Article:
Peter Bergen describes an evil family that thought of themselves as noble in a chapter in his book United States of Jihad. It is in some ways an ironic story, and the details shed some light on the unpleasant types who become idealists for Allah.
The U.S. government is killing our innocent civilians but most of you already know that. As a M[uslim] I can’t stand to see such evil go unpunished, we Muslims are one body, you hurt one you hurt us all.
I don’t argue with fools who say Islam is terrorism it’s not worth a thing, let an idiot remain an idiot.
But by his actions, he lent credence to the idea that Islam and terrorism do go together, maybe not always, but too often.
Jahar’s family came from a town four thousand miles to the east of Manhattan, a grim Caspian port city. For murky reasons that may have involved crossing some local gangsters, the Tsarnaevs applied for refugee status in the States. They wanted out.
Over the course of 2002 and 2003 the family immigrated to Massachusetts. At first everything seemed to be going somewhat well. The father, Anzor, was an adept car mechanic, and his wife Zubeidat, a cosmologist, performed facials in their home. The eldest son Tamerlan dreamed of becoming an Olympic boxer, a goal that seemed less and less far-fetched as he swiftly ascended in the New England boxing scene.
Meanwhile, Jahar captained his high school wrestling team at the Cambridge Rindge and Latin School, and upon graduation he won scholarships from both the University of Massachusetts Dartmouth and the city of Cambridge. At UMass Dartmouth, Jahar was seen as an easygoing, party-loving skateboarder. Facebook documents his active nightlife, and his prolific tweets were the typical musings of an indifferent (indeed failing) American college student: homework that was late, sleeping in, sex, girls, marijuana, and alcohol.”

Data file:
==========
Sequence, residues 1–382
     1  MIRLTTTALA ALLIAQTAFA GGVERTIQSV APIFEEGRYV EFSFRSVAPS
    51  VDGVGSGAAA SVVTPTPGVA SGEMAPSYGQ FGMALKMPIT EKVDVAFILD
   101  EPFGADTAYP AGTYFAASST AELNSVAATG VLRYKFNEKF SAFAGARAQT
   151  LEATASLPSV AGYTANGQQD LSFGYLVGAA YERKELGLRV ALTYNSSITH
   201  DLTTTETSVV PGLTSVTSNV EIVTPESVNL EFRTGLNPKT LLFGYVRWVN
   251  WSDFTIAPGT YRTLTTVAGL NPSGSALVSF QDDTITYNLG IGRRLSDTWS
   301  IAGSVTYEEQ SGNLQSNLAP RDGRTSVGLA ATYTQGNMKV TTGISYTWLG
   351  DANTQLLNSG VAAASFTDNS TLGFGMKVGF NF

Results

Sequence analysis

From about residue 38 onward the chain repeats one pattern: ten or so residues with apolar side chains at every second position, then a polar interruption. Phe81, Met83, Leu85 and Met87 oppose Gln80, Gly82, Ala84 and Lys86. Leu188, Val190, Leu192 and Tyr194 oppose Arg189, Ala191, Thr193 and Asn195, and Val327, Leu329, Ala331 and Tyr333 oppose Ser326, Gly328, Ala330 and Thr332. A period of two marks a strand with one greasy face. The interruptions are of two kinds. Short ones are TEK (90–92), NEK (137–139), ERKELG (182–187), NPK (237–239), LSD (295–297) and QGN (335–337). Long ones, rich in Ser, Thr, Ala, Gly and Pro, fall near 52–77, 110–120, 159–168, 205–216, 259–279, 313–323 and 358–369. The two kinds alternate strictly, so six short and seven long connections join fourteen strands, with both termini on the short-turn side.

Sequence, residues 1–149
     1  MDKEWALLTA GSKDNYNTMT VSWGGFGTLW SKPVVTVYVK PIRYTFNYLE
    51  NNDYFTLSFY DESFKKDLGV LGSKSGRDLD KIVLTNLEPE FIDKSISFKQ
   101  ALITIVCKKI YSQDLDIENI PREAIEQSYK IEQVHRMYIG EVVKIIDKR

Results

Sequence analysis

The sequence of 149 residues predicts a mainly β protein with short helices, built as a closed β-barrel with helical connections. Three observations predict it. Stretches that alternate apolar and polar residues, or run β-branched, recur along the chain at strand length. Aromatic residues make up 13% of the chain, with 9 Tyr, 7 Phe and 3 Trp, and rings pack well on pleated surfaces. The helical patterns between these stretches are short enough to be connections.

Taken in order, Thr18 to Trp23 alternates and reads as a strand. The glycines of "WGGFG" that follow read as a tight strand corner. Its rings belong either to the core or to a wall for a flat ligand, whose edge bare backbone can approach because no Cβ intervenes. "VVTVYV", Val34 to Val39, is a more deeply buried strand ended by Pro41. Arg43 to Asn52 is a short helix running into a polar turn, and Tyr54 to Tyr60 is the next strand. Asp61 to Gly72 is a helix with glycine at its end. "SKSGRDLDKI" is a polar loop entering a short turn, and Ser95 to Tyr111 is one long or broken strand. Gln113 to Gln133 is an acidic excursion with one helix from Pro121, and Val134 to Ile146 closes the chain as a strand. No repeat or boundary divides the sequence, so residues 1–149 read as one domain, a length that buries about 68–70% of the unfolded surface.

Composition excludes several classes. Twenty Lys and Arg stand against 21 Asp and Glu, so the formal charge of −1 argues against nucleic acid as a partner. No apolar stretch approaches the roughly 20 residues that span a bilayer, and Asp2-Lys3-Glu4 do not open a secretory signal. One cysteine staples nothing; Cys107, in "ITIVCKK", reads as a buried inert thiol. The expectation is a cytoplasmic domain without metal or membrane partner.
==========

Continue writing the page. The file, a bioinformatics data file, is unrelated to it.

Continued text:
Worried about this, his mother, who herself was getting more religious, began urging him to embrace his Islamic heritage.
Tamerlan’s dreams of boxing were blocked by a rule change that prohibited non-U.S. citizens from competing. Various disasters followed. Anzor got into a fight at a restaurant and was struck in the head by a steel pole, an injury from which he never quite recovered. Then his business took a dive and he became ill, diagnosed with cancer. The family now subsisted on welfare and food stamps. In 2011, Anzor and Zubeidat divorced, and Anzor went back to Dagestan. Zubeidat became a Muslim fundamentalist, but her new-found religiosity did not stop her from shoplifting sixteen hundred dollar’s worth of clothes from Lord & Taylor. The couple’s daughters moved to New Jersey, where one of them was arrested for selling marijuana.
Tamerlan told a confidante that he heard a “voice” in his head that told him to do certain things.
Not only that, but Jahar, Tamerlan, and their mother came to believe that 9/11 was engineered by the U.S. government to create mass hatred for Muslims.
Evil triumphs when good men do nothing.
This certainly illustrates that he did not believe he, himself was evil.
Peter Bergen then tells the reader about the FBI’s Behavioral Analysis Unit and the six stage process they looked at, which involved: